Having finished our Internet chores in record time, it was at last time for our first tasting of the local cuisine. It didn’t take us long to stumble into a building with lots of restaurants. Locating a suitable place to eat is very easy here since all the menus have not only descriptions but also colour photographs representing the dishes on offer. In fact, many of them have physical representations made in very realistic plastic in displays by the door. We found a nice restaurant that had suitably appetising looking dishes and were quickly seated. Aside from Sandy’s evident difficulty in mastering the art of chopsticks, the meal was really quite nice and very much better than I had feared. We each had a different variety of pork and the table was further dressed with dishes of vegetable and plain rice, steamed runner beans, and several other weird and wonderful items that I did not recognise by sight, smell or taste. Contrary to my own culinary edict, I tried everything on the table and, quite surprisingly, ate most of it. I think I am going to like Chinese food.

After the rather tasty and delicious meal, we wanted to give some consideration to what will happen after we are done with Hong Kong. We left this too late when we were ready to leave India and as a result, were subjected to a lot of stress of not knowing whether we would get a flight out when we wanted it or not. To make sure this would not be repeated, we wanted to find out what the situation would be for outbound flights to Beijing, the starting point of our tour through China. We had been earlier advised that the best option would be to get a train to Shenzhen, just across the border in Mainland China and then a flight to Beijing. By all accounts, the Beijing flights from Shenzhen are supposed to be cheaper than those from Hong Kong. At the CTS travel agents, however, we discovered the reverse to be true. The only fares that had listed for the Shenzhen flights were HK$1800 ($240) whilst they could put us on a Hong Kong flight for just HK$1020 ($140). The Shenzhen flight was a full-fare flight whilst the Hong Kong flight was a discounted flight. The agent advised us to call the head office tomorrow to see about a possible discounted Shenzhen flight instead, as this may yet be cheaper still.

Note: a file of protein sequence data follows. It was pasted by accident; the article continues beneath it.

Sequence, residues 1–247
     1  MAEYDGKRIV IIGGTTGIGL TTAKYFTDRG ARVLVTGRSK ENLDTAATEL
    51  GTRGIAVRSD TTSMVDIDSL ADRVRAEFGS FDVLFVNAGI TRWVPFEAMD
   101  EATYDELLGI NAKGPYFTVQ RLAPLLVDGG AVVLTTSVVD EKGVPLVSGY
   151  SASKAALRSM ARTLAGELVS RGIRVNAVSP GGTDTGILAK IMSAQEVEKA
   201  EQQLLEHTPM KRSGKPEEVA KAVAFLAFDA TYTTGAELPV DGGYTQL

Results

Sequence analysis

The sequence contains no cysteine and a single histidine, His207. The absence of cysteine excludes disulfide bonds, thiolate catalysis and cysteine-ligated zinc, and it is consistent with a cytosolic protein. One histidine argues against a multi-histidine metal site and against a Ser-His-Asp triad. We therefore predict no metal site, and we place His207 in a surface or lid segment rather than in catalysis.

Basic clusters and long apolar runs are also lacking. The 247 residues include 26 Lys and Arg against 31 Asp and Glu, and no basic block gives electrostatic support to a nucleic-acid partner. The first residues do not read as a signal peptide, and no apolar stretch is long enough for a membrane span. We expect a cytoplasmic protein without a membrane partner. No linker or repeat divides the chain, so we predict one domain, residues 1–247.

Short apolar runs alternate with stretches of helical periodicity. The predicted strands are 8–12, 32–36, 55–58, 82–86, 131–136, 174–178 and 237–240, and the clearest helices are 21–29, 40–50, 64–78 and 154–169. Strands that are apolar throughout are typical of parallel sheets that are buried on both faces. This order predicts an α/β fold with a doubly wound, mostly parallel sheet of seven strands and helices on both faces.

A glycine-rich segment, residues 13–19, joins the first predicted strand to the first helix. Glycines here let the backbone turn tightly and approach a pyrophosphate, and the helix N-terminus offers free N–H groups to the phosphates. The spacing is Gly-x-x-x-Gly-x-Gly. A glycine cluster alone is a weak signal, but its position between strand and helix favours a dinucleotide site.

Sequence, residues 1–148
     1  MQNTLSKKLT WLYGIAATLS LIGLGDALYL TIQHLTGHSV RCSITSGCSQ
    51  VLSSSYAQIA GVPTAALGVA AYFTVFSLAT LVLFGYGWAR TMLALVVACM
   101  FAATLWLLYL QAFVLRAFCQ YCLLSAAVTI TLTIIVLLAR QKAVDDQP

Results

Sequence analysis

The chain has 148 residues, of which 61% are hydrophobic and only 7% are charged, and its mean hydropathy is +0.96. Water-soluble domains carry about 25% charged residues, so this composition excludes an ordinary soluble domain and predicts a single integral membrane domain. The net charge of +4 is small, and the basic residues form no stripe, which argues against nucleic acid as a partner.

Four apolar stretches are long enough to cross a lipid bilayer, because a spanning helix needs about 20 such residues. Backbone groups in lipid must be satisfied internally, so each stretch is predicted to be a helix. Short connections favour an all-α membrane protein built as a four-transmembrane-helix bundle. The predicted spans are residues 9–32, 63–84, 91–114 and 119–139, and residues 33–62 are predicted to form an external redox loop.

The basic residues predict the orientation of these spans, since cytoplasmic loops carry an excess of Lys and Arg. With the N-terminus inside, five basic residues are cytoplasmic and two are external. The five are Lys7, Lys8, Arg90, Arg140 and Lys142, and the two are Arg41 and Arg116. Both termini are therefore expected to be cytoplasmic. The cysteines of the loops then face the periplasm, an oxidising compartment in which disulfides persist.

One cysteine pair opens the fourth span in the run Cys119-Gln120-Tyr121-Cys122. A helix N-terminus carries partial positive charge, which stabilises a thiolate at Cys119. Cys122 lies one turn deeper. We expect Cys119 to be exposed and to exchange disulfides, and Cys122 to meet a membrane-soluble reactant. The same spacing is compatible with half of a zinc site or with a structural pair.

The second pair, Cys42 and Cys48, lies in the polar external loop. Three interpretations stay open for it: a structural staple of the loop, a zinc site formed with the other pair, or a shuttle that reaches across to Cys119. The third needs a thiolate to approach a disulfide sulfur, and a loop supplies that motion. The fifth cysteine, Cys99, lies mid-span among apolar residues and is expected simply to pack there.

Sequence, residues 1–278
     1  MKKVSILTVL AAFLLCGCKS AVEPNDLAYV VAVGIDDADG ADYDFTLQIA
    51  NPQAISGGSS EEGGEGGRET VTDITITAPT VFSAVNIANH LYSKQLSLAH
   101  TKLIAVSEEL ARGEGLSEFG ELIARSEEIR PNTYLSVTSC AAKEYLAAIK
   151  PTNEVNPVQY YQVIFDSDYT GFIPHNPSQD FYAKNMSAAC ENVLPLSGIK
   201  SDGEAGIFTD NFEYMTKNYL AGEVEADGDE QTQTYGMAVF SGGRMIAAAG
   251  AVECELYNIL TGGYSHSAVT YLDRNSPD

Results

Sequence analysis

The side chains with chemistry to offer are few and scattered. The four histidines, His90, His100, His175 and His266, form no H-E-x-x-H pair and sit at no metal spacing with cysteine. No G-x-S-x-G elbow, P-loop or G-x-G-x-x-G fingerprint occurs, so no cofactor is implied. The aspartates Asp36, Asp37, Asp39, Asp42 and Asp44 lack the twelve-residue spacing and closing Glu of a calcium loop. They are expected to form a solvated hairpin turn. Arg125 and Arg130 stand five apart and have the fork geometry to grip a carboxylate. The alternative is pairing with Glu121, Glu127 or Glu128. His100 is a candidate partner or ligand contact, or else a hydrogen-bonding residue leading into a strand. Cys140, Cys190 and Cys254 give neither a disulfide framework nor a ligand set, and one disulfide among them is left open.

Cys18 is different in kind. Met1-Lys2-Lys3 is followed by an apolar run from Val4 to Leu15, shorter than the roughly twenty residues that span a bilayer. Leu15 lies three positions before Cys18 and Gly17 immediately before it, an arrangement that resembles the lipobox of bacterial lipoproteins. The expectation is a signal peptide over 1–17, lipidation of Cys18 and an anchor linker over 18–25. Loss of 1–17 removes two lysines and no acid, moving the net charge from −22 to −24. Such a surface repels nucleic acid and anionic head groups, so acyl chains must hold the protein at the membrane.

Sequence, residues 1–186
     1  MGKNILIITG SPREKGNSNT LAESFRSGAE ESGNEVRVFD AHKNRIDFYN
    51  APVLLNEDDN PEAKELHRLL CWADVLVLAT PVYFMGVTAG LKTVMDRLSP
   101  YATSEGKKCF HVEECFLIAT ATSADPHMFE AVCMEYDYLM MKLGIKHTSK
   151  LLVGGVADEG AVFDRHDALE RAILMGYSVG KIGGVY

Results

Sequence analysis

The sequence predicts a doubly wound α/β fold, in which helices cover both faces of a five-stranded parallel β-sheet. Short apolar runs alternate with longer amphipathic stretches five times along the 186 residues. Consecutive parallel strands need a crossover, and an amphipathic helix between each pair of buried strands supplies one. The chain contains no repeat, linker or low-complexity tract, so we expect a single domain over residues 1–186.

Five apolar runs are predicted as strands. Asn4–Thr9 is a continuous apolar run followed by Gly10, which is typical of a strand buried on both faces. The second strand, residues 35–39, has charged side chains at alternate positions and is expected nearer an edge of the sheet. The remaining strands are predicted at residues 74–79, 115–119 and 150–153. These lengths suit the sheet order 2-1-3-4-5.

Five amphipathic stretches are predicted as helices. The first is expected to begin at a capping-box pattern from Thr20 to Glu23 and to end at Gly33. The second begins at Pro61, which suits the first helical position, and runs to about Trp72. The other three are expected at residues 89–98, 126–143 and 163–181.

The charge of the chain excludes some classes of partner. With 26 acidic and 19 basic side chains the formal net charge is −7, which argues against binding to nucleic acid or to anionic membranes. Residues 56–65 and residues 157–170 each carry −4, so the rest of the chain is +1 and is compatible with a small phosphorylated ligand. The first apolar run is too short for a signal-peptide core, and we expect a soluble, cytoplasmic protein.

When we emerged back onto the street from the building that housed the CTS travel agent, it was nearly completely dark so we decided to hop onto the next tram and simple cruise through the city to admire the city lights. Hong Kong is even more impressive at night. Fireworks erupt from atop many of the skyscrapers after dark. This is apparently a daily occurrence here. Most of the buildings are beautifully lit and many have colourful lighting effects that make them attractions in their own right. Tomorrow we will ascend the famous tram to the top of ‘The Peak’ for a nigh time panoramic view of the skyline of Hong Kong. It should make for a fantastic view of the entire city below us.